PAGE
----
SUPPORT THE PATIENTS RIGHTS COUNCIL
Latest additions to web site: 6/21/2021
“Bill’s death is another chance to improve the lives of those suffering”
(CT Mirror — June 21, 2021)
Last session, legislation for assisted suicide failed to move forward in the [Connecticut] General Assembly’s Judiciary Committee. The death of this bill in the committee will allow for continued protection of the state’s most vulnerable people.
More on Connecticut
“Wrongful Death & Disability Discrimination Lawsuit Filed In Michael Hickson Case”
(Not Dead Yet — June 11, 2021)
Despite the absence of an irreversible or terminal condition, St. David’s South Austin Medical Center (SDMC) physicians deprived Mr. Michael Hickson, a 46-year-old black man with multiple disabilities, of all life-sustaining treatment including artificial nutrition and hydration for six days resulting in his death.
More on Texas
More on Futile Care
More on Disability Perspective
The Latest PRC Update (2021 – Volume 35, No. 2):
Canada allows euthanasia for patients who are not dying
Everyday survival tips & other helpful suggestions – Part 2
New Mexico legalizes assisted suicide
Who will speak for you?
Imagine you are very seriously ill or are in an accident tomorrow and so severely injured that you aren’t able to communicate about your health care wishes for several weeks. Who would make health care decisions for you during that time?
Every person from the age of 18 and older should have a well written durable power of attorney for health care in which they have named an individual they know and trust, who agrees with their views and values, and who can be assertive on their behalf.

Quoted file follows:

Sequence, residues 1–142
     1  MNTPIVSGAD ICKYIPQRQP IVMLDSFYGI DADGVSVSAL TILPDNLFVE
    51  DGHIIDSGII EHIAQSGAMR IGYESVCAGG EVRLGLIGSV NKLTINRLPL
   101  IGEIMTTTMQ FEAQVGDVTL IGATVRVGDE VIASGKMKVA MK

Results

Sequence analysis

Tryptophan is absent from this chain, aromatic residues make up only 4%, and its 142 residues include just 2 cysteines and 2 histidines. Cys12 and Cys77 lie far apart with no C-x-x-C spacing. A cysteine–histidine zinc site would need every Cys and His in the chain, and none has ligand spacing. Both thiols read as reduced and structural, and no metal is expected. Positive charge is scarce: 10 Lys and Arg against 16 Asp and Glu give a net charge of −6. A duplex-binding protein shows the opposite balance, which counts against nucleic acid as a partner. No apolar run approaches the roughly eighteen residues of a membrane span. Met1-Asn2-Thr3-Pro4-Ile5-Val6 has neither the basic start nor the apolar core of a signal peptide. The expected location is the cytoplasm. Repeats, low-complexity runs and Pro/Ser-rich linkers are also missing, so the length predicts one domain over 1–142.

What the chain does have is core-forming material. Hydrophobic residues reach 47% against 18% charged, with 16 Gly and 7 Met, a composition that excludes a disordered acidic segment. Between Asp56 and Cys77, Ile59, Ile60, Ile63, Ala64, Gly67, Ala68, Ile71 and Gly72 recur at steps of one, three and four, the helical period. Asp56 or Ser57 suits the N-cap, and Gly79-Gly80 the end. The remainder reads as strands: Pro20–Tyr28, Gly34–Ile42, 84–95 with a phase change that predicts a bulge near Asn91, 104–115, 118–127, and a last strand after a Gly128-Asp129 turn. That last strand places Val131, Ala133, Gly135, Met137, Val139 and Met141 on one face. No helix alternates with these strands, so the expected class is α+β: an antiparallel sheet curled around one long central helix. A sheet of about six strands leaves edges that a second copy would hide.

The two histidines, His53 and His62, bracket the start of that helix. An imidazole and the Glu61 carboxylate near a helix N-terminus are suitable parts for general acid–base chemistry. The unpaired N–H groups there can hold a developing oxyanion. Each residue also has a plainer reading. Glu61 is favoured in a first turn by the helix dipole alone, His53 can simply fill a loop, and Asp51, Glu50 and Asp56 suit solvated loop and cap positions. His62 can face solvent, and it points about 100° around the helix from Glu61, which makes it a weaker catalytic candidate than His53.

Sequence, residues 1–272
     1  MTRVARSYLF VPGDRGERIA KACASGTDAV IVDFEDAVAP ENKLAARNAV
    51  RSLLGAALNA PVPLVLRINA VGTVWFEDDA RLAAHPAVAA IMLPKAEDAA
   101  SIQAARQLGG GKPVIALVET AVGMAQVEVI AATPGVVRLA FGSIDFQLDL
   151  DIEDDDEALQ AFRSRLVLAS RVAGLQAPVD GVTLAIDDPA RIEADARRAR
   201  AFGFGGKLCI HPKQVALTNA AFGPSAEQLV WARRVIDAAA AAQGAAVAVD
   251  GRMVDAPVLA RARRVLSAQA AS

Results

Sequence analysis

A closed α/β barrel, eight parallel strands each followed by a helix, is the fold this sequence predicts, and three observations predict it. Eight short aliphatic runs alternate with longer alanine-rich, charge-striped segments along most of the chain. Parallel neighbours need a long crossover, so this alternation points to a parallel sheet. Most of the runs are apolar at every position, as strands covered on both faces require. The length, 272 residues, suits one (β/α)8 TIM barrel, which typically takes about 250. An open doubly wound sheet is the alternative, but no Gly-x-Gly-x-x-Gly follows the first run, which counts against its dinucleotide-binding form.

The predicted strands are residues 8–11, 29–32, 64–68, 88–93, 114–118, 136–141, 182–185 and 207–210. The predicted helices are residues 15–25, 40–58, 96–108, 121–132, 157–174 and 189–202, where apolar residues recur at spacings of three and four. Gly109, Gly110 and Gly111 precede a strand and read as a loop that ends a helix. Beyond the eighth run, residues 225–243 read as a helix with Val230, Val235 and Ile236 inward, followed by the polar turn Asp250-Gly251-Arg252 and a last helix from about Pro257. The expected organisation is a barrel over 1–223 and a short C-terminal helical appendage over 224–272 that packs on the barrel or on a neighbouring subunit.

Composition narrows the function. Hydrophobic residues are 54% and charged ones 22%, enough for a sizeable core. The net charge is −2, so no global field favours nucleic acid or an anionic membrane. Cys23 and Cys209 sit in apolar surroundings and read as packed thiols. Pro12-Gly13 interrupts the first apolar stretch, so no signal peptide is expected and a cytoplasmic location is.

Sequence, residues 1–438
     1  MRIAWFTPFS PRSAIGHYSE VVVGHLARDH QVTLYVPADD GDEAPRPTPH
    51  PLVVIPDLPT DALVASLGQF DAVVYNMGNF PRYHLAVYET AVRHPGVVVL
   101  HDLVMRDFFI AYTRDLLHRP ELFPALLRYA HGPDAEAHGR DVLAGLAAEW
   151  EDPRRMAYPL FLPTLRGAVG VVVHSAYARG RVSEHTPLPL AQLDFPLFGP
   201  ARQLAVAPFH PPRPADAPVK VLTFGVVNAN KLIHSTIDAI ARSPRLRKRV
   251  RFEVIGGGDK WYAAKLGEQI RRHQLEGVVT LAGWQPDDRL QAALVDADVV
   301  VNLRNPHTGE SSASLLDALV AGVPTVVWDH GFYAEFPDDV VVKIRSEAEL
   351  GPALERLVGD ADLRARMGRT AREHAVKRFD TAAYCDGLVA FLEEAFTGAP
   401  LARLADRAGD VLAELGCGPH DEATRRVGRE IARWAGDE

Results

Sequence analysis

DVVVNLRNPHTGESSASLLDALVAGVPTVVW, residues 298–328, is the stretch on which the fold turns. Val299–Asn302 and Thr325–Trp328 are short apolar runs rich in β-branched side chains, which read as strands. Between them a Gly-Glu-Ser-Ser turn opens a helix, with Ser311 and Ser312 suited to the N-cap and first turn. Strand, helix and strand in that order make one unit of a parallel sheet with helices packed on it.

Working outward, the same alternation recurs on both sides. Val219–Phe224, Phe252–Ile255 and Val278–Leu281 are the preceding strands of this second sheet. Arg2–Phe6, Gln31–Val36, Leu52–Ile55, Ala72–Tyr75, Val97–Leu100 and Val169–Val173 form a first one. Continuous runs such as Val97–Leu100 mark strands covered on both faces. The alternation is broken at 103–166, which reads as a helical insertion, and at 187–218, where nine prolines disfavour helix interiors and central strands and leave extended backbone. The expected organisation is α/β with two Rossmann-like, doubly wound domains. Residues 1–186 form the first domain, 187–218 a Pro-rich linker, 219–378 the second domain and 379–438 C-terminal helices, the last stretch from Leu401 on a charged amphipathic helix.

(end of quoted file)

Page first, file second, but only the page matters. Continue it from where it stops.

To obtain a durable power of attorney for health care called the Protective Medical Decisions Document (PMDD) that complies with the law of the state in which you are a resident, call the Patients Rights Council (800-958-5678 or 740-282-3810) between 8:30am and 4:30pm (eastern time).
More on Advance Directives
States that have transformed the crime of assisted suicide into a “medical treatment.”
Attempts to legalize euthanasia or assisted suicide in the United States since 1994.
Scroll down for other Recent Developments, and for Featured Articles.
For a listing of all categories on this web site, see Site Map.
Recent Major Developments
“AMA Helps Normalize Organ Harvesting after Euthanasia”
(National Review – May 26, 2021)
“Now, organ harvesting after euthanasia has become so normalized within the medical intellegentsia, that an American Medical Association publication, JAMA Surgery, had a letter debate – not about the propriety of killing and harvesting, but about whether the kill should begin at home or in a hospital….
[I]n Ontario, Canada, the organ donation society is told in advance by doctors of planned euthanasia, and representatives call the patient/family to ask for their organs….
No, of course suicide prevention is not offered! That might get in the way of suffering people agreeing to be transformed into so many natural resources.”
More on Organ Donation and Organ Transplantation
Maine releases 2020 report on assisted suicide dated, March 1, 2021.
The “Patient Directed Care 2020 Annual Report” contains sparse information, lacking details that were included in reports from other states. All of the statistics are found on page 5 of the report.